FBI Agents Hid Microphones In A San Francisco Bus Stop To Nab Real Estate Investors


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Jonah Bennett Contributor
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The government was engaged in a clandestine spying operation in San Francisco, placing microphones near bus stops to monitor conversations.

Jeff Harp, former special agent for the Federal Bureau of Investigation, spoke about an operation in which agents — without obtaining any sort of warrant — hid microphones under rocks and in trees between March 2010 and January 2011 to bring down real estate investors engaged in fraud, KPIX 5 News reports.

One specific place targeted by FBI agents was the Oakland courthouse. They embedded microphones in a bus stop outside the courthouse, hoping to hear incriminating evidence of real estate fraud. Agents also placed mics in the light fixtures just outside the building near the steps. Inside the courthouse, agents put a bugged backpack near one of the statues.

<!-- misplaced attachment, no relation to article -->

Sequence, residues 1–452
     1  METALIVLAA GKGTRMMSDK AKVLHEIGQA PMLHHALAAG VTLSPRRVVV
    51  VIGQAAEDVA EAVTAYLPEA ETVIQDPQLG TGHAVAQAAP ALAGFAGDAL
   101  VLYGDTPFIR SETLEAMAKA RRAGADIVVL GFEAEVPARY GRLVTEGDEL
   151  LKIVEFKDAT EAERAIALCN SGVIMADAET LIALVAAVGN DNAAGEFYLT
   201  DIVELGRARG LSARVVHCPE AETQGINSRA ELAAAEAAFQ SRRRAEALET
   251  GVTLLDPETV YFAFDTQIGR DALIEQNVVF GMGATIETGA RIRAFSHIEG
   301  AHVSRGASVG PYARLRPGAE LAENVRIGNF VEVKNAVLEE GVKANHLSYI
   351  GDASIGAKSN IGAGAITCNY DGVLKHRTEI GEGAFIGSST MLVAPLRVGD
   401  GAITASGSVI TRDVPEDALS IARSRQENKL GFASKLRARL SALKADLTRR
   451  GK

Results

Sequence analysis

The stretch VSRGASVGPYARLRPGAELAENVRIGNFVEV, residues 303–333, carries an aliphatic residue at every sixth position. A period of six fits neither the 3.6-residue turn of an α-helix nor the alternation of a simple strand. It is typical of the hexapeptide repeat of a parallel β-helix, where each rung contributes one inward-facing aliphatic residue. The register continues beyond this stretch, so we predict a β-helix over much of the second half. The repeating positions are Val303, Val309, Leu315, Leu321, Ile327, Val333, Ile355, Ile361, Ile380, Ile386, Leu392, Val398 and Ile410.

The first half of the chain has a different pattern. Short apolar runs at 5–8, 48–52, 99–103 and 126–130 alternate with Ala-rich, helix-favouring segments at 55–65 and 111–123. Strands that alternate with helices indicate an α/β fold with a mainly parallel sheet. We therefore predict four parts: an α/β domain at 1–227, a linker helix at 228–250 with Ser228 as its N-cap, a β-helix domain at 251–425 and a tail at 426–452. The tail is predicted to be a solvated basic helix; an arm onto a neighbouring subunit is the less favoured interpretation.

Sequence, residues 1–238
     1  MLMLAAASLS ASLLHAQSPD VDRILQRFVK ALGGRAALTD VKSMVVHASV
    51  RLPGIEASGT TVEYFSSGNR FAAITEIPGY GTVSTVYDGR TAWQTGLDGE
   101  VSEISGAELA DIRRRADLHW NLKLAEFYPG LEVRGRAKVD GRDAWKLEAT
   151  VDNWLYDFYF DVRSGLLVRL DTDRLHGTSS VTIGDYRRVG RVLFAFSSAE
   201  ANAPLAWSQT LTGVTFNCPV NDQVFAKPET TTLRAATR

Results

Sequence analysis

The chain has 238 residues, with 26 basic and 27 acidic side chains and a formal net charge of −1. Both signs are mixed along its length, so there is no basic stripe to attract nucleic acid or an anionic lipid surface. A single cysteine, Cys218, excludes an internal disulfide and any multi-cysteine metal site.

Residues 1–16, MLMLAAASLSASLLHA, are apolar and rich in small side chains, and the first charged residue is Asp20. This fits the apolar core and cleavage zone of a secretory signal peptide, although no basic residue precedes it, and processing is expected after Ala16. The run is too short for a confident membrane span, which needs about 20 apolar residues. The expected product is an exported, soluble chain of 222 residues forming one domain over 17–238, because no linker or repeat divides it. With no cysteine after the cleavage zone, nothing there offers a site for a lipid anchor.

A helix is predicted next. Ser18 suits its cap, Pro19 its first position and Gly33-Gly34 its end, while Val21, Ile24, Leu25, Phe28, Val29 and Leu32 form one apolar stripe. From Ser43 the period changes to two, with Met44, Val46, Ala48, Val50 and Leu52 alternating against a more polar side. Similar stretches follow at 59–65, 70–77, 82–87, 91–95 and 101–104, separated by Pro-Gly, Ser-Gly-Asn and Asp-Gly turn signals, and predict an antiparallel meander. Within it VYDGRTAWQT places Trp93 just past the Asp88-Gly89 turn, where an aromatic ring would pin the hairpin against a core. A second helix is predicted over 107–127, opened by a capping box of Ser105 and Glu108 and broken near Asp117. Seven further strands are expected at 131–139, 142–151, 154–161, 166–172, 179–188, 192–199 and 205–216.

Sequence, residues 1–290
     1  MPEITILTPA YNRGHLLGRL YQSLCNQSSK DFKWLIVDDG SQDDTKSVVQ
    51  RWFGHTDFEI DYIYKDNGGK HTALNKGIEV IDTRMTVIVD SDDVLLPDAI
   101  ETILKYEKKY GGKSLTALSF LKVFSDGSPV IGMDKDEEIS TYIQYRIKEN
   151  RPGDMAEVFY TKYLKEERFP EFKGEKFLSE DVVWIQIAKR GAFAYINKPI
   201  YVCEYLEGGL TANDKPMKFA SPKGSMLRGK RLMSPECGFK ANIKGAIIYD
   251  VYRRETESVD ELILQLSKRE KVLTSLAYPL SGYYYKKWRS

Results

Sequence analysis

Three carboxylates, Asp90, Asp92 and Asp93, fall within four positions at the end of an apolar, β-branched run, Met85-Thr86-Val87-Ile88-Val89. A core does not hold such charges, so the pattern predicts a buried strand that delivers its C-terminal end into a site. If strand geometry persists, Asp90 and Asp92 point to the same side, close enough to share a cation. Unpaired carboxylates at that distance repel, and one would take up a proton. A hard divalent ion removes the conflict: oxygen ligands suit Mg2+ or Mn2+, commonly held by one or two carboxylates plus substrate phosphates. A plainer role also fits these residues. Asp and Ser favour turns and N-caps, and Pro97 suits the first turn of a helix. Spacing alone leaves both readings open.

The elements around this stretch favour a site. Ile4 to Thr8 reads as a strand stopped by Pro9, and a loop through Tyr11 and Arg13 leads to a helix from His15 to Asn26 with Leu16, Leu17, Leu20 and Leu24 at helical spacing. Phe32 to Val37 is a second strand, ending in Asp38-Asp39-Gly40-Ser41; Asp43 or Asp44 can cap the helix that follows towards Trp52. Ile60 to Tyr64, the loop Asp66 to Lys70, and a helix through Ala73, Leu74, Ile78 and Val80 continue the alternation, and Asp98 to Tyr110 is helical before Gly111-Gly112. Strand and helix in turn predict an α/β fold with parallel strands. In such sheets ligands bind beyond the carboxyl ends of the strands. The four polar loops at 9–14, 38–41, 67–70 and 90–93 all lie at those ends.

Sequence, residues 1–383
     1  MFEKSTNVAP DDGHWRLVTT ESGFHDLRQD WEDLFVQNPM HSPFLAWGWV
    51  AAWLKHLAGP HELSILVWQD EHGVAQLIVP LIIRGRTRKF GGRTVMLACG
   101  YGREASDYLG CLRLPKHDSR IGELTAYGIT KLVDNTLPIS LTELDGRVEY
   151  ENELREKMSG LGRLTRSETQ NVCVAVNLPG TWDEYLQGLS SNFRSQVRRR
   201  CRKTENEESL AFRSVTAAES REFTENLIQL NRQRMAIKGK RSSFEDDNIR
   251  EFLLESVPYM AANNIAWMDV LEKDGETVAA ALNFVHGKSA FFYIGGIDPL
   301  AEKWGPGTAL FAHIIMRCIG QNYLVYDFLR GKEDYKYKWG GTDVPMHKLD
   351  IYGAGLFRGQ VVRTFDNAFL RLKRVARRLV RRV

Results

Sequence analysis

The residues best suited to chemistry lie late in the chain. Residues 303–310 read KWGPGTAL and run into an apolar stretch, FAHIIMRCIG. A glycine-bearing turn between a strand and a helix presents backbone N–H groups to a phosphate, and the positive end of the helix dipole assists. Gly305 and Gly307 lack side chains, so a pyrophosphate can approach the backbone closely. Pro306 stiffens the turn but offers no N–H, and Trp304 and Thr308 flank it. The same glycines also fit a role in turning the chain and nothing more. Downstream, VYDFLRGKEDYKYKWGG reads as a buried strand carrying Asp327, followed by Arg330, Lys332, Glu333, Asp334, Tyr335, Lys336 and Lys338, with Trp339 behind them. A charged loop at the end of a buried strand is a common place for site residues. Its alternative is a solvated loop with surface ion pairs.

These real estate investors have been under investigation for bid rigging, which reportedly occurred at property foreclosure auctions. Michael Marr, one of the individuals recorded, was indicted in 2014. Marr has pleaded innocent in an ongoing court case.

This operation, said Harp, must have occurred with authorization from higher-ups in the law enforcement agency.

“An agent can’t just go out and grab a recording device and plant it somewhere without authorization from a supervisor or special agent in charge,” said Harp.

Given that there was no warrant involved in the surveillance operation, a lawyer for one of the real estate investors is hoping to have the recorded conversation thrown out as inadmissible.

“Speaking in a public place does not mean that the individual has no reasonable expectation of privacy…private communication in a public place qualifies as a protected ‘oral communication’… and therefore may not be intercepted without judicial authorization,” the lawyer told KPIX 5 News.

Marr’s lawyer is arguing the surveillance is a violation of the Fourth Amendment, as well as the Wiretap Act.

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